CARBONDALE — Tom Ala, the Medical Director of SIU School of Medicine’s Center for Alzheimer’s Disease and Related Disorders, has his fingers crossed.
The neurologist has seen dozens of potential new Alzheimer’s drugs fail in clinical trials in recent years.
But a new drug, Troriluzole, has a pedigree that gives him hope.
It’s a cousin of a drug already known to prolong the lives of sufferers of Lou Gehrig’s disease by slowing the degeneration of neural and spinal cells. And it has demonstrated improvements in memory and thinking in preliminary trials with Alzheimer’s-affected mice.
Over the next year, Ala will work with colleagues from across the country to test Troriluzole on human patients, in hopes of seeing similar benefits.
SIU is still recruiting sufferers of the disease in central and Southern Illinois to join the 48-week study in Springfield. Half of them will be administered the new drug, while the other half get a placebo.
Because the study is double-blind, Ala and his team won’t know which they’re administering.
But they’ll interact with patients regularly, testing their brain function, talking with caregivers to measure potential improvements in their self-care and quality of life, and using MRIs to take images of their brains’ responses to the drug.
Today, Alzheimer’s disease afflicts more than 5 million Americans, and the future could bring higher numbers yet, statisticians predict, as the population grows and life expectancy increases among some groups.
The disease’s causes are thought to be a tough-to-pinpoint combination of genetic, lifestyle and environmental factors.
Scientists have identified chemical changes common in Alzheimer’s-affected brains. But they struggle to say which chemicals might cause the disease and which might be created by it.
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Today, most treatment focuses on healthy living — from a diet rich in omega-3 fats to a life rich in physical and mental exercise — and mitigation.
The four existing FDA-approved drugs that treat it may temporarily improve a patient’s memory, but they cannot slow the brain’s deterioration, Ala said.
“As far as buying you years of time they don’t do that,” Ala said.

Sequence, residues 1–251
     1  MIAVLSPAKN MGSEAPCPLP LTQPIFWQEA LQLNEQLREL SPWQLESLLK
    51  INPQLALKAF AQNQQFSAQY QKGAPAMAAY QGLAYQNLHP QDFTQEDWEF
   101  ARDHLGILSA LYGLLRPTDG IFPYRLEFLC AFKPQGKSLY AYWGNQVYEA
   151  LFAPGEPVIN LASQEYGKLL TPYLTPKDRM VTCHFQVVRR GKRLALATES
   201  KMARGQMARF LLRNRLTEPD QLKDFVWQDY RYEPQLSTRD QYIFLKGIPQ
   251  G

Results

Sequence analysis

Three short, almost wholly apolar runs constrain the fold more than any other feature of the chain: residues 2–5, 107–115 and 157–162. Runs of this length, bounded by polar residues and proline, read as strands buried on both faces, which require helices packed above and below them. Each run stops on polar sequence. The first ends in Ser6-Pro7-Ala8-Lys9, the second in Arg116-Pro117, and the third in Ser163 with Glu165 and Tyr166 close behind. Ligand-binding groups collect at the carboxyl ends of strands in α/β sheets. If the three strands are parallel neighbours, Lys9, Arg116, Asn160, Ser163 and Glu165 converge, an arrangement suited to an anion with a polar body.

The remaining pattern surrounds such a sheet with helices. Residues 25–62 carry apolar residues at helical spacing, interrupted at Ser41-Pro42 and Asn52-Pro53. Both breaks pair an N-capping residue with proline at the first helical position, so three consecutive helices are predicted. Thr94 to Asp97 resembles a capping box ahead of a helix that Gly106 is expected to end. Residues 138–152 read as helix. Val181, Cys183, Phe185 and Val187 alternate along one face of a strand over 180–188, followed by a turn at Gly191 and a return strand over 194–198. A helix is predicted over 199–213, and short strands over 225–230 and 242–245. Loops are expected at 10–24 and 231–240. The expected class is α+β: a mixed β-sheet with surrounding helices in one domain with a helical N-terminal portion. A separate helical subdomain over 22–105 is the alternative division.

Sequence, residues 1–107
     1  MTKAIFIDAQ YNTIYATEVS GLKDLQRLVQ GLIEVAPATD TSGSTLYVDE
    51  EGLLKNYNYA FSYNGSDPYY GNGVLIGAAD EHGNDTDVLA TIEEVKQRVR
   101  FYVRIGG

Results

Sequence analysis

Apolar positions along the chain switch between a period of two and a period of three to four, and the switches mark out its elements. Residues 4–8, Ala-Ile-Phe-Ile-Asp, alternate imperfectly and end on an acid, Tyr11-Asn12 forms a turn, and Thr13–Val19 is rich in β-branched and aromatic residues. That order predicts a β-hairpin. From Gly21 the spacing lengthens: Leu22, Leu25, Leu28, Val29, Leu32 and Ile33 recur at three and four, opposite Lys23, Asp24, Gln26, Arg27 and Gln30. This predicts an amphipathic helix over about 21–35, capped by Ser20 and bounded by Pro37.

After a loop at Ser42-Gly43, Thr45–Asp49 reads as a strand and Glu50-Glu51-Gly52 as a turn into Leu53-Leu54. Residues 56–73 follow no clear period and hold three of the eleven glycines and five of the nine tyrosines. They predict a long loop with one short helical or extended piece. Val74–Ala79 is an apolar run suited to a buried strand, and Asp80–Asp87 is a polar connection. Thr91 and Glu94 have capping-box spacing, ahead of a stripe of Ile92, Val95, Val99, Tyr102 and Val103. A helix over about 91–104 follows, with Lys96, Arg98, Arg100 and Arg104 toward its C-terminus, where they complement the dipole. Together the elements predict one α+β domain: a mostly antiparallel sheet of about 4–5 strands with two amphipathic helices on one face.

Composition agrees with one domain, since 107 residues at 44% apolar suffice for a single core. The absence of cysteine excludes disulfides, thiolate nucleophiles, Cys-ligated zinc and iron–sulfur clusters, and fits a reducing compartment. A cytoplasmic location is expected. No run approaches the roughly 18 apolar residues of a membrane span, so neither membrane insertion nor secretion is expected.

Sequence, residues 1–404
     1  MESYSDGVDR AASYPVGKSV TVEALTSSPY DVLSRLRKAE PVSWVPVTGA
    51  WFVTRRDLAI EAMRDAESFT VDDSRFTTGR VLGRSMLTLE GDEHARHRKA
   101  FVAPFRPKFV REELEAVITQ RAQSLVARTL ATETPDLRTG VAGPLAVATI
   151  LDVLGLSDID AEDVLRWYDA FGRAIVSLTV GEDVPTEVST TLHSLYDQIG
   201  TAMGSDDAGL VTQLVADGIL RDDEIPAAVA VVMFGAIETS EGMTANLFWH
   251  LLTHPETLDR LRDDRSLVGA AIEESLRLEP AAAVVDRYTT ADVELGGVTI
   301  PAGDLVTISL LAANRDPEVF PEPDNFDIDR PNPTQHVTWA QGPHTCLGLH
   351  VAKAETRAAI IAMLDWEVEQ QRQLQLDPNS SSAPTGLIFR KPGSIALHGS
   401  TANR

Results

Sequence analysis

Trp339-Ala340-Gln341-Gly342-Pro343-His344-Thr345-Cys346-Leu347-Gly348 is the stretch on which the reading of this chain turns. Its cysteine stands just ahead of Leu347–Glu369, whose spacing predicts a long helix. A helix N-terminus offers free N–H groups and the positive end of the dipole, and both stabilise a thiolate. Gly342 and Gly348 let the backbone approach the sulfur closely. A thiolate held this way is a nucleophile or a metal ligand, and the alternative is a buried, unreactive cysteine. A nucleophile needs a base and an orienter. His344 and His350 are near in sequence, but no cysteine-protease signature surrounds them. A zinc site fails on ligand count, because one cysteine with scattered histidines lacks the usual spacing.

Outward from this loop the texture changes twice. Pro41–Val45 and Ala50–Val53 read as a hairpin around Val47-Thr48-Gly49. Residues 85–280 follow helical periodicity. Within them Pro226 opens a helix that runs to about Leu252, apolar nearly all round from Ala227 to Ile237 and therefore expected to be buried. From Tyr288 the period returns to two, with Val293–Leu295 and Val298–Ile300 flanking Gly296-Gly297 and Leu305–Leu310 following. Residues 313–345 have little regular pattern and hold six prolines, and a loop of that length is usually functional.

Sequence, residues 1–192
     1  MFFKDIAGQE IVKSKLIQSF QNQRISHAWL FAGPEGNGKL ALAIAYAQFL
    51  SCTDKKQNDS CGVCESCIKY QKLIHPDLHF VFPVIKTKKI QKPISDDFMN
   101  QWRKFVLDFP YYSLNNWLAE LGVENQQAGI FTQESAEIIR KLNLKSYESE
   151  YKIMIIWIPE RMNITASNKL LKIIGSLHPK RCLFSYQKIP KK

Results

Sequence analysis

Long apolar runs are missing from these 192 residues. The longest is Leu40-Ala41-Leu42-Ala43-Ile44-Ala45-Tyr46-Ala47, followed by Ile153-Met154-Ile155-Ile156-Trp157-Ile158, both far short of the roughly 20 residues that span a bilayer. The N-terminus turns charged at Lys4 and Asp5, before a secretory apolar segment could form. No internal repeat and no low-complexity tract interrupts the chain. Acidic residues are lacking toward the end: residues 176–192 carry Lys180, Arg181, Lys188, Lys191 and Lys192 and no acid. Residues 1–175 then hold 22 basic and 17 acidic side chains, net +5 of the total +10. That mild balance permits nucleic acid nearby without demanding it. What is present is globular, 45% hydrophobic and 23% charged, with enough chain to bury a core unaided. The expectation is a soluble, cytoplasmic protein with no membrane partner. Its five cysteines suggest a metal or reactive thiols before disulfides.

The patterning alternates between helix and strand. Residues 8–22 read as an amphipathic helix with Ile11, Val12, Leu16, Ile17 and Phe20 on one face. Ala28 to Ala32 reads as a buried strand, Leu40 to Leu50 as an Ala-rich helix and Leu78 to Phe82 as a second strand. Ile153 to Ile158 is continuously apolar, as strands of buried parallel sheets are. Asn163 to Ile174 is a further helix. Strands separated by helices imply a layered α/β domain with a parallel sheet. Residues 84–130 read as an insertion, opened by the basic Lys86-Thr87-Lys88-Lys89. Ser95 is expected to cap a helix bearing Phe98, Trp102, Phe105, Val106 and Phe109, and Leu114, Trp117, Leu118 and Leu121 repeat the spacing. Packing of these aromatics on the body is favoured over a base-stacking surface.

Troriluzole works by normalizing glutamate, one of the chemicals that carry messages between nerve cells in the brain.
When glutamate is overactive, the brain’s signals can go haywire, explained Dr. Irfan Qureshi, director of neurology at Biohaven Pharmaceuticals, which developed Troriluzole.
“The symptomatic treatments currently available, they target these kinds of chemical messengers,” Qureshi said. “There is data saying targeting glutamate helps. This is a new way to target glutamate.”
The hope, Ala said, is that the drug might be the first to truly slow the advance of the disease.
Ala and his team are still looking for about five more participants for the study. They must suffer from mild to moderate Alzheimer’s and meet certain criteria for physical health.
“Research cannot be done without patients to volunteer,” he said, “and for a study like this it’s hard to find patients that meet the criteria. Many patients are really altruistic. They say, ‘I know I’m being a guinea pig and this may not help me, but it may help my family and others in the future.’”
Someday, Ala believes Alzheimer’s will be treatable.
Even as his team aids in the Troriluzole study, they are also helping to evaluate new antibodies created by scientists that can remove or interfere with proteins that disrupt neurons in the Alzheimer’s brain.
“I think someday, we’ll be able to say, ‘we’ve stopped the disease and prevented further deterioration,” Ala said. “But can we improve the patient’s brain function back to baseline? That’s what we would want, and I don’t know.”
Southern Illinoisans who wish to be screened for Alzheimer’s can visit any of 32 sites around the state, where the School of Medicine has trained staff to test for the disease, Ala said, including at the School of Medicine in Carbondale.
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